Remote working, remote education — even remote happy hours — are trends by necessity during the novel coronavirus pandemic. To that end, add remote gym workouts, where Peloton (NASDAQ:PTON) stock is a stand-out performer.
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Peloton is coming off a strong fiscal Q2 earnings report that should begin pushing the stock price higher. PTON stock is currently down about 24% on a year-to-date basis, which means Peloton could be attractively priced for long-term investors.
On top of that, Peloton recently won a court ruling brought by a competitor who was trying to keep the company’s popular Bike+ exercise systems out of the U.S. market.
With those tailwinds in place, is it any doubt that PTON stock has a ‘A’ grade in my Portfolio Grader these days?
Let’s work up a sweat and take a closer look at Peloton.
Peloton has been around since 2012, when it was launched with the help of a Kickstarter campaign. The fitness company is known for its high-end at-home gym equipment, including its exercise bikes, bike accessories and weights.
The company integrates web-based technology to its home workout programs to remain on the cutting edge of home gym systems. Peloton has a popular exercise app, and it produces workout videos that you can live-stream through the company’s products.
Peloton didn’t go public until September 2019, when it began trading at $19 per share. While the public offering had a slow start, PTON stock is now a big winner. Today, Peloton shares trade for more than $110.
Earnings released in early February for the fiscal second quarter showed PTON stock on a healthy track. Revenue came in at $1.06 billion versus analysts’ expectations of $1.03 billion. Its earnings per share was 18 cents versus an expected EPS of 9 cents.
Peloton announced that quarterly sales were up 128% and the company increased its outlook for the full year. It says sales should top $4 billion, up from its previous forecast of $3.9 billion.
The company said it planned to invest more than $100 million in air freight to help speed deliveries to customers. Its $420 million deal to acquire Precor, an exercise equipment manufacturer, is also expected to help along those lines.
The Precor deal is expected to close early this year, says CEO John Foley:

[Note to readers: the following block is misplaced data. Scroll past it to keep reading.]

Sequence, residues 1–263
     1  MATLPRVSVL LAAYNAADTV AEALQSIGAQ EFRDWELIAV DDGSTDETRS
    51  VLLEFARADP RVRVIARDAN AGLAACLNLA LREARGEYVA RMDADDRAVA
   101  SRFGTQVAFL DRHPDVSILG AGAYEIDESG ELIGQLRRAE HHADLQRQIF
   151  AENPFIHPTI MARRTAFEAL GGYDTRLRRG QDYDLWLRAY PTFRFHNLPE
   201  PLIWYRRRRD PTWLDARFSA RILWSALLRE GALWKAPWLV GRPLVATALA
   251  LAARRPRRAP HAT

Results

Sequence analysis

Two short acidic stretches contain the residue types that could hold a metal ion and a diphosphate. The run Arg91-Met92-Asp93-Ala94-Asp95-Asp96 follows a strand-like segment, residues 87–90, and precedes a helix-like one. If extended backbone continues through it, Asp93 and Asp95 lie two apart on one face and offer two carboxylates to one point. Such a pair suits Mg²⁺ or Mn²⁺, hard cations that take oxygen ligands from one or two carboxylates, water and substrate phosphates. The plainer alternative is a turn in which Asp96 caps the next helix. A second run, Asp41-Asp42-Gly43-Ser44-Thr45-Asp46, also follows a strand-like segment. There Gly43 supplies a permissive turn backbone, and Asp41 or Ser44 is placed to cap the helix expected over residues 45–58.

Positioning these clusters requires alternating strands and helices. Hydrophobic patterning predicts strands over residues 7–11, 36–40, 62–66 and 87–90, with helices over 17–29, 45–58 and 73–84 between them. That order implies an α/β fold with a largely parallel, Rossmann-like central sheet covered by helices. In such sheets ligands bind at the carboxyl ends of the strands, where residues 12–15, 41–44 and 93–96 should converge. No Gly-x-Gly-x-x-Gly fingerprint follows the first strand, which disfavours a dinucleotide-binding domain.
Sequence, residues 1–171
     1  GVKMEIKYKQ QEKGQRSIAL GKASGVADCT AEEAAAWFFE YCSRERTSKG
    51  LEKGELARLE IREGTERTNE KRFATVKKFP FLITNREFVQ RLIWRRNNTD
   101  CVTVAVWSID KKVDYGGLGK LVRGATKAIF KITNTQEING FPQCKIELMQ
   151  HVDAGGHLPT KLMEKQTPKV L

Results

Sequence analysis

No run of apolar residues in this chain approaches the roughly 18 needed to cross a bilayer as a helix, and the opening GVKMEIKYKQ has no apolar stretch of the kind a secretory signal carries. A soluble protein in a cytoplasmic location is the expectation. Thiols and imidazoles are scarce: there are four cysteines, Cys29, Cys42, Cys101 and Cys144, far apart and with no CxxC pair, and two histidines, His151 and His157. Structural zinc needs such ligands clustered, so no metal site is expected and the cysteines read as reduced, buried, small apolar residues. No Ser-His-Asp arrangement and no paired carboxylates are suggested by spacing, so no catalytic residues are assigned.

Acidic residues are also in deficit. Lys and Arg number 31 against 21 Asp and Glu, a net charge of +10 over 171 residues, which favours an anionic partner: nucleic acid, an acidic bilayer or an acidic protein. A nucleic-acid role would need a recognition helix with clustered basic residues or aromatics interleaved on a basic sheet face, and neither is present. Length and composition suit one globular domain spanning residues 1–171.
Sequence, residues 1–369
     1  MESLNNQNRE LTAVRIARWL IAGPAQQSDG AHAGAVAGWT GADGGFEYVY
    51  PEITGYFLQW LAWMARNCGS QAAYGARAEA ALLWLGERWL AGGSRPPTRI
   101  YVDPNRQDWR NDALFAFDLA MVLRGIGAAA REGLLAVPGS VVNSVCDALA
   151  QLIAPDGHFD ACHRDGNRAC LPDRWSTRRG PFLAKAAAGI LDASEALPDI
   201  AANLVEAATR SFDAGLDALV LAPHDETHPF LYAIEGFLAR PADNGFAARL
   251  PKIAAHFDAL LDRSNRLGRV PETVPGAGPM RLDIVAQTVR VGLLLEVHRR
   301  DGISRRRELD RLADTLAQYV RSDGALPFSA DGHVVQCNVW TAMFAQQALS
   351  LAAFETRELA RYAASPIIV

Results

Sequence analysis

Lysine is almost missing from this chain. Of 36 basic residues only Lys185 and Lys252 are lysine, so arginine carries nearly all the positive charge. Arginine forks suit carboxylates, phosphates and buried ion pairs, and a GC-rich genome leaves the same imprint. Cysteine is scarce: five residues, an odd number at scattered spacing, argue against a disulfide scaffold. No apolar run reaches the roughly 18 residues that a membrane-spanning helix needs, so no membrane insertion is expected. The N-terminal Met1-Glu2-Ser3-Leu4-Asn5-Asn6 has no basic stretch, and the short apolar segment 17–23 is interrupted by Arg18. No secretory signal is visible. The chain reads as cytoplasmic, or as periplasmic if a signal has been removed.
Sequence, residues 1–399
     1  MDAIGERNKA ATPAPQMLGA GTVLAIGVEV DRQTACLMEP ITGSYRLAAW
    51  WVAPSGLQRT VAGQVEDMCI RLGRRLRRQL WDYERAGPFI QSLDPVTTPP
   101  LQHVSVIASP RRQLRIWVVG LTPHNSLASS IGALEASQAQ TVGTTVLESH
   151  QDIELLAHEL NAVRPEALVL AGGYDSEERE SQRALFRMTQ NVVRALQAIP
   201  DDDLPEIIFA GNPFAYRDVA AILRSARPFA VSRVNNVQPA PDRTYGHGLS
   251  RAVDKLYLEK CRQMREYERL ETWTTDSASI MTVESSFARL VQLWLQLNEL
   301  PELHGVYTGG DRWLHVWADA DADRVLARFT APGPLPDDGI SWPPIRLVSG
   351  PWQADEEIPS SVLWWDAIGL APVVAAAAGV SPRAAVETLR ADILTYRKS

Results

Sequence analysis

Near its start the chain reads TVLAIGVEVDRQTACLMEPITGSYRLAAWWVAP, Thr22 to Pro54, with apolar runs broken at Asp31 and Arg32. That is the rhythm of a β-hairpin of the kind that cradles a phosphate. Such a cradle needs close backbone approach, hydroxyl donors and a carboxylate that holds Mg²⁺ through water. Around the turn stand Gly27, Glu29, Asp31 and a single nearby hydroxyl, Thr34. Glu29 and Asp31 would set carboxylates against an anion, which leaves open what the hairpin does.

“Importantly, Precor has deep manufacturing in R&D expertise, which will help us bring new hardware products to market more quickly and better positioned us to serve our North American member base over time. Precor’s product portfolio and sales team will also accelerate our commercial business where we see a significant opportunity to grow Precor’s franchise while introducing the Peloton platform to an even greater number of fitness enthusiasts and channels such as hospitality, multi-unit residential buildings, corporate campuses, and colleges and universities.”
Peloton says that investors should be able to expect slow but steady growth.
One possible obstruction to that growth seems to be safely out of the way. On. Feb. 22, a federal judge rejected a request from Icon Health & Fitness, the maker of NordicTrack exercise bikes, that sought to keep Peloton’s Bike+ line from being sold in the U.S. with its Auto Follow feature.
Auto Follow changes the resistance levels of Peloton bikes during the company’s remote fitness classes.
Icon sued Peloton in October, accusing the company of patent infringement, and wanted Peloton sales restricted while the lawsuit was being considered. But U.S. District Judge Richard Andrews ruled that Icon failed to “demonstrate a likelihood of success on the merits or irreparable harm.”
Icon and Peloton have tussled in court before, and I’m sure they’ll do it again as they compete for supremacy in the home fitness arena.
There are glimmers of hope as coronavirus cases continue to decline and vaccines are being rolled out around the world. But it’s going to be a long time for some people to be comfortable with going to a gym to sweat and breathe hard when they can get the same workout at home.
Peloton and other home fitness companies are taking advantage of the stay-at-home trend to grow their business. In hindsight, Peloton’s IPO couldn’t have been better timed.
On the date of publication, neither Louis Navellier nor the InvestorPlace Research Staff member primarily responsible for this article held (either directly or indirectly) any positions in the securities mentioned in this article.
Louis Navellier had an unconventional start, as a grad student who accidentally built a market-beating stock system — with returns rivaling even Warren Buffett. In his latest feat, Louis discovered the “Master Key” to profiting from the biggest tech revolution of this (or any) generation.
The post The Dip in Peloton Stock Is a Buy Opportunity You Shouldn’t Pass appeared first on InvestorPlace.
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